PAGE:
The hazy, lazy days of summer are great for far more than logging beach time and sipping lemonade. Summer is also an excellent time to catch up on reading and to ponder the state of your business. It’s my favorite time of year to binge on books. Here are a few of my must-read picks:
Quiet by Susan Cain
While I’ve decided I’m the quintessential extrovert – I have the civic oration contest plaque, noting my prize-winning public speaking skills, from sixth grade to prove it – I work with many incredible introverts and greatly value the counterbalance they provide to me and my clients. Did you know that at least one-third of people are introverts, including some of the greatest innovators and change makers in the world, including Rosa Parks, Dr. Seuss and Steve Wozniak, among others? Whether you’re an introvert who wants to harness the power of your personality, or a manager who believes better understanding others is the key to unlocking an individual’s potential, this book is a must-read.
Eat that Frog! by Brian Tracy
If you are tired of thinking there’s not enough time in the day to do all you need to do to move your business forward meaningfully, then this short, action-oriented book is right up your alley. Even though I’m far from a procrastinator, I enjoyed some of the tips on taming technology and in learning to be more selective about how I use my time. Also of note was the section on working in concentrated blocks of time. Here’s to better time management and to taking on the hard tasks first.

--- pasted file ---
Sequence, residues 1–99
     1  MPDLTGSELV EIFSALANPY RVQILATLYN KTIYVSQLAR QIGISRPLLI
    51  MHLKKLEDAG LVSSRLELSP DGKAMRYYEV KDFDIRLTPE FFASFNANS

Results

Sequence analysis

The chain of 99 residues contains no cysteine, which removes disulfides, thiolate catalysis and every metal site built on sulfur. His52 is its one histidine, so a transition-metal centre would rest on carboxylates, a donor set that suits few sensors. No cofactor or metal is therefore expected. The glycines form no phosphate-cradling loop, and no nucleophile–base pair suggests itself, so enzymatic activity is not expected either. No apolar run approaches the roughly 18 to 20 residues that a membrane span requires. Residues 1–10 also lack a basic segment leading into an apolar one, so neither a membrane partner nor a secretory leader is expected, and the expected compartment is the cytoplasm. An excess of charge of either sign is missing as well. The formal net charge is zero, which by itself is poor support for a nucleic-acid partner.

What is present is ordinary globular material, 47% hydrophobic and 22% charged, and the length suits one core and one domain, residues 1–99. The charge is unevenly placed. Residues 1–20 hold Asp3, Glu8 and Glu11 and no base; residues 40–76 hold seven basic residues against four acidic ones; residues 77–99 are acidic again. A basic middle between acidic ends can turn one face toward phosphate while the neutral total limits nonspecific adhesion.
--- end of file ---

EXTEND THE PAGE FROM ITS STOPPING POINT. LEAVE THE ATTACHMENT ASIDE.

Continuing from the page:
Talk Like TED by Carmine Gallo
I spend plenty of time speaking before groups and delivering presentations, so even though I’ve read this book before, thinking about my fall commitments made me dust this one off for a re-read. If you, like me, are mesmerized by TED talks and in awe of the mastery of experienced speakers who can command an audience with stories that are emotional, novel and memorable, this book deserves a place on your summer shelf.
The Go-Giver by Bob Burg and John David Mann
I’m a big believer in giving back through a variety of charitable pursuits, whether it’s one-on-one mentoring, speaking engagements, philanthropy or just plain volunteering. This book illustrates, through stories about a series of high achievers, the concept of being a “go-giver” versus simply a “go-getter” interested in only business pursuits. I highly recommend the book if you’d like to amp up your success while helping others.
As we enjoy a welcome respite from the busy pace of life this summer, I hope you’ll take the opportunity to pick up one or more of these terrific business books – or any other book that inspires you to achieve, lead, reflect and succeed.